Video of the Week:
Storing and Preserving Peppers
Give Cool-Season Grasses a Boost
These grasses are entering their fall growth cycle as days shorten and temperatures moderate (especially at night). Cool-season grasses naturally thicken up in the fall by tillering (forming new shoots at the base of existing plants) and, for bluegrass, spreading by underground stems called rhizomes. Consequently, September is the most important time to fertilize these grasses.
Apply 1 to 1.5 pounds of actual nitrogen per 1,000 square feet. The settings recommended on lawn fertilizer bags usually result in about 1 pound of nitrogen per 1,000 square feet. We recommend a quick-release source of nitrogen at this time. Most fertilizers sold in garden centers and department stores contain either quick-release nitrogen or a mixture of quick- and slow-release. Usually only lawn fertilizers recommended for summer use contain slow-release nitrogen. Any of the others should be quick-release.
The second most important fertilization of cool-season grasses also occurs during the fall. A November fertilizer application will help the grass green up earlier next spring and provide the nutrients needed until summer. It also should be quick-release applied at the rate of 1-pound actual nitrogen per 1,000 square feet. (Ward Upham)
Trees Losing Bark and Dying
However, this year, we are seeing a wide variety of trees losing more than just the outer layer of bark and then dying quickly. I think what is happening is all related to the November freeze last fall. In this area of Kansas, we went from 69 degrees on November 10 to 19 degrees the following morning. Unfortunately, many trees had not hardened off yet and were damaged. The first sign of damage was marcescence where trees that normally drop their leaves in the fall, didn’t. Leaves didn’t drop because they didn’t have enough time to develop an abscission layer at the base of each leaf that allowed it to fall. Though marcescence itself does not harm the tree, it is a clue that further damage may have occurred.
So, what happened? I think this is all related to damage to the living tissue under the bark. The sharp drop in temperature killed at least a portion the phloem and the cambium. Remember the phloem carries food made in the leaves to all parts of the plants including the roots. The cambium produces new phloem as well as xylem. Xylem will be discussed later. Now that the phloem is dead and the cambium cannot produce new, living phloem, the roots don’t receive the food needed to survive and eventually starve to death.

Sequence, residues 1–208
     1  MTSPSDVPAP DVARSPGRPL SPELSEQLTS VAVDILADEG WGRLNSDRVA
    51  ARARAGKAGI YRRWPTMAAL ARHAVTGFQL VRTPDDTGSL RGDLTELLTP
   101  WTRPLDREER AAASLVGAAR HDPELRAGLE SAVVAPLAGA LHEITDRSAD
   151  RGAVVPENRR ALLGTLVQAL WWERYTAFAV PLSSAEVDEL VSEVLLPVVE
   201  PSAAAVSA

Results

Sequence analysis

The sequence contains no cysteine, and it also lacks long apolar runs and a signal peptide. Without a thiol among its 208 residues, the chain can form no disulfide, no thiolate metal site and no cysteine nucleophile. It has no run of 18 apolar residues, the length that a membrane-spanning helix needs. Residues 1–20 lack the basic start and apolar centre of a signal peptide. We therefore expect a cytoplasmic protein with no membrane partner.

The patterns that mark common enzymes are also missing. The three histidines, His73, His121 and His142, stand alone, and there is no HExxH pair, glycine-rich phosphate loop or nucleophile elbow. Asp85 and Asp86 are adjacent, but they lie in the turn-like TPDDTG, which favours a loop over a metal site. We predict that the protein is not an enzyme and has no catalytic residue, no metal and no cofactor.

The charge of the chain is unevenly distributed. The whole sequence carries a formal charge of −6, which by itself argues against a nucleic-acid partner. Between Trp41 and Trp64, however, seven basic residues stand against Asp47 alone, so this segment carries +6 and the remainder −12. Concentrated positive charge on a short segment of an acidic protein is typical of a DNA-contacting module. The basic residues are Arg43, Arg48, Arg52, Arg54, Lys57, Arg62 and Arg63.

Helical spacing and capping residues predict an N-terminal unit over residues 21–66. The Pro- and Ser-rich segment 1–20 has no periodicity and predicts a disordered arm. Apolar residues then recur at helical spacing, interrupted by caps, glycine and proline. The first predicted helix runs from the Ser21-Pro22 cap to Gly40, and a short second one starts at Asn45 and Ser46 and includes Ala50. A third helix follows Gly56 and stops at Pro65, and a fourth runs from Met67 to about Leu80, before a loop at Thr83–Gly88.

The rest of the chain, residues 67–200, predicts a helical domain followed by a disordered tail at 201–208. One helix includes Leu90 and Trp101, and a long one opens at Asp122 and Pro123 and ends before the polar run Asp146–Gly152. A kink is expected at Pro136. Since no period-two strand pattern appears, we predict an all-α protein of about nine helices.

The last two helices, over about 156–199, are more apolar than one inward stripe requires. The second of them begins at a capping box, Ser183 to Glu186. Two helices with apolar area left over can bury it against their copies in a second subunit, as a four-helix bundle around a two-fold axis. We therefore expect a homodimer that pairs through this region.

Why didn’t these trees die immediately? First of all, a healthy root system has stored energy reserves that it can use to keep the tree alive. When those reserves are depleted, the tree dies very quickly.
However, a tree also needs water. Since the living portion of the trunk was killed, wouldn’t this stop water flow? Actually, it would not. The reason it would not is due to how a tree grows and, specifically, how xylem works. Xylem is the structure that carries water from the roots to the top portions of the plant. Even in perfectly healthy trees, most of the xylem is dead. This dead xylem forms hollow tubes that carry the vast majority of water and nutrients throughout the plant. Though there are living xylem cells, the contents of those cells make them inefficient in
moving water. Therefore, the functional portion of the xylem wasn’t hurt by the freeze because it was already dead. Since this xylem system still works, the tree can live for quite a period of time until the roots starve.
Does that mean a tree with cracking or lost bark will die? It all depends on how much of the living tissue under the bark was killed. If only a small portion was killed then the tree may recover. If the entire circumference was killed, it is done for and there isn’t anything you can do to save it. Any portion of the trunk where the bark comes off and the underlying layer is brown is dead.
If you are unsure how much of the trunk was damaged, continue to water the tree as needed until the twigs become brittle. If the twigs become brittle, the tree is dead. (Ward Upham)
1. A change in the fruit ground color from a dark green to light green or yellowish green. The ground color is the "background" color of the fruit.
2. Fruit should part easily from the branch when it is lifted up and twisted.
3. Corking over of lenticels. Lenticels are the "breathing pores" of the fruit. They start out as a white to greenish white color and turn brown due to corking as the fruit nears maturity. They look like brown “specks” on the fruit.
4. Development of characteristic pear aroma and taste of sampled fruit.
Pears ripen in one to three weeks after harvest if held at 60 to 65 degrees F. They can then be canned or preserved. If you wish to store some for ripening later, fresh-picked fruit should be placed in cold storage at 29 to 31degrees F and 90 percent humidity. Ripen small amounts as needed by moving them to a warmer location and holding them at 60 to 65 degrees F. Storing at too high a temperature (75 degrees F and higher) will result in the fruit breaking down without ripening. (Ward Upham)
Harvesting Winter Squash
shrivels and rots.
There are two main characteristics that help tell us when winter squash are mature: color and rind toughness.